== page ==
George is a psychotherapist, eclectic, but roughly of the school they call ego psychology: first a philosophy student, then a social worker, he narrowed his concerns, attracted to ever more subjective woes. On the walls of his office he has such inspirational and dubious sayings as “Be the Dream,” and “Anything worth doing is worth doing badly,” which really do not do him justice. Knowing his principles and dedication to his work, I once teased him with the gift of a lovingly hand-lettered poster quoting Epictetus: “A philosopher’s school is a surgery: pain, not pleasure, you should have felt therein.” He accepted it with good grace, but I don’t think he hung it up. George crossed his corduroy-covered legs nimbly on the sofa. He had always been nimble, and boyish; even now, at forty-six, with gray patches in his hair and opulent eyebrows his round face radiated energy, he looked younger than he was. Only once in a great while, when he was still and thoughtful, could I see his years in the lines on his cheeks, traced by a kind of heavy resignation. George is a dear friend of more than twenty years, Victor’s as well as mine, though Victor doesn’t wholly trust him, with some reason. We met at college: George was older, political—a rarity in the 1950’s—a self-styled proto-ombuds-man for the student body. He didn’t last long in student government—he slept with too many of his constituents, for one thing—but our friendship with him lasted. He became a stocky man of medium height, with a coppery mustache and shrewd hazel eyes; he moves with the slyness of an elf or, as those who distrust him say, a satyr. At first glance he looks as though he might turn blustery—those full lips—but in fact he is mild, almost self-effacing, maybe because no mother ever made him feel like the axis of the universe. George’s combination of erudition and naiveté makes him lovable. His tendency to use jargon when he is on shaky ground detracts from his lovability. He is the sort of exasperating friend who now and then drives you to ask, Is he worth it? but the answer is yes. Adept as he is with other people’s dilemmas, he has made his own bachelor life a series of narrow escapes from amorous and professional misalliances. Now at last in private practice, he has attained some stability. George is sentimental and loyal, like a dog, and almost feminine in his absorption in the drama of personal emotions. Motherless, he confronts the world and its people, especially women, with an attitude of seduction, sometimes charming, sometimes irritating. He has brought over countless women for Victor and me to meet, as though we were parents who had to approve. Each one is presented as a marvel, a prodigy of beauty or talent or goodness. Through them our horizons have stretched; we have learned about astrophysics, travel agenting, poetry therapy, computer programming, urban design, dental technology. Weeks later I will say to George, “How is so-and-so? We really enjoyed meeting her,” only to learn she has withdrawn to the world of urban design or poetry therapy whence she came. But his enthusiasm is unflagging.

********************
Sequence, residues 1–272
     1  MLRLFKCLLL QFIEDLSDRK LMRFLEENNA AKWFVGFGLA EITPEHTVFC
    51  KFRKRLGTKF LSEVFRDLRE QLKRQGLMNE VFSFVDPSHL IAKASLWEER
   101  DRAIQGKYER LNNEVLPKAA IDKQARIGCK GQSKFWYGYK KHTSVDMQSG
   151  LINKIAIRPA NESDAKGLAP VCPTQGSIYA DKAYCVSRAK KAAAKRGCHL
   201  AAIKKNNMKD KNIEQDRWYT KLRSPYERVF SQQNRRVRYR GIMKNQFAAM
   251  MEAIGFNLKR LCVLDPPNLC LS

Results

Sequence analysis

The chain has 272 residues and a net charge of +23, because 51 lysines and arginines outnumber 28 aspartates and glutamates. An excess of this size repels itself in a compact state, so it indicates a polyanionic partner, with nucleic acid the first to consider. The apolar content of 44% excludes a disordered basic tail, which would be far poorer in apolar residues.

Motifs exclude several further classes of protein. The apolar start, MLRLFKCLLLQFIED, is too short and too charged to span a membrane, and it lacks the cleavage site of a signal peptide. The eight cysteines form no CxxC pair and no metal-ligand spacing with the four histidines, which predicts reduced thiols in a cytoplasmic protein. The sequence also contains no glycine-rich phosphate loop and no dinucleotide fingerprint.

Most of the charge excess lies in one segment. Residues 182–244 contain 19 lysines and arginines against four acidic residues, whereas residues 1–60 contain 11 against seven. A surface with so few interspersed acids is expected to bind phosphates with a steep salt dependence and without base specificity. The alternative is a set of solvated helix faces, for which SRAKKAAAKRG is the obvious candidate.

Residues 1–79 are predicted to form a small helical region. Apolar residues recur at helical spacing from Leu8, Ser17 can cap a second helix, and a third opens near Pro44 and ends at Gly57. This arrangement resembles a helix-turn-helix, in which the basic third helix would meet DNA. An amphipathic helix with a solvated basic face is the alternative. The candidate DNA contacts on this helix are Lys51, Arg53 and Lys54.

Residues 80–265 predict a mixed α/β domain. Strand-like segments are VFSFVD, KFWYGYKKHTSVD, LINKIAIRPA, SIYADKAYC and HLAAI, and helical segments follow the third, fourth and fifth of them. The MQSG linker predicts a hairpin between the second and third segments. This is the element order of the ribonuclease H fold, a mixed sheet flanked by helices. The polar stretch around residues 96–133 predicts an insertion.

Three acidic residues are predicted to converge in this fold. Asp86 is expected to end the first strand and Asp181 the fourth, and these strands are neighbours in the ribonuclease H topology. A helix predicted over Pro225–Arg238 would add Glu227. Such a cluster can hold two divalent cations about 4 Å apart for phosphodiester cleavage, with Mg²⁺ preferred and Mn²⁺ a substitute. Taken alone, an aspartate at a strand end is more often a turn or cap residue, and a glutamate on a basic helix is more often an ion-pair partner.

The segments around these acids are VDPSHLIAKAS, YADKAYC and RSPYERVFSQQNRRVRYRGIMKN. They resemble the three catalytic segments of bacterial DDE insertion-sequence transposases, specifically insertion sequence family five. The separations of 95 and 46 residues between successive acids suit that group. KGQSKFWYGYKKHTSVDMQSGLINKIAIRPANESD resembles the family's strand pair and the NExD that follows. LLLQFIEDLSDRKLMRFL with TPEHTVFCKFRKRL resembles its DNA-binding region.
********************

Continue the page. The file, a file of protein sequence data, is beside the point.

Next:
“The telephone rings,” he repeated, “so the mother can’t respond right away to the child’s need. Actually she chooses to answer the phone rather than attend to the infant”—George sounded a bit severe about this. “Well, never mind her needs. From the child’s point of view, assuming he could have one, the telephone is a disturbance in the field. He feels his need unanswered and experiences frustration.”
My enthusiasm was ebbing. “I thought there’d be more to it than that.”
“There is. That was a simple example because first of all the field of an infant is, well, limited. Also he has very little control over getting his needs satisfied. To complicate it, let’s say the mother hears the child cry but she’s preoccupied with an argument she just had over the phone with her own mother. Let’s say she’s feeling unloved and rejected; she may resent the baby momentarily, for being loved and expecting her attention so imperiously. So she doesn’t respond right away.”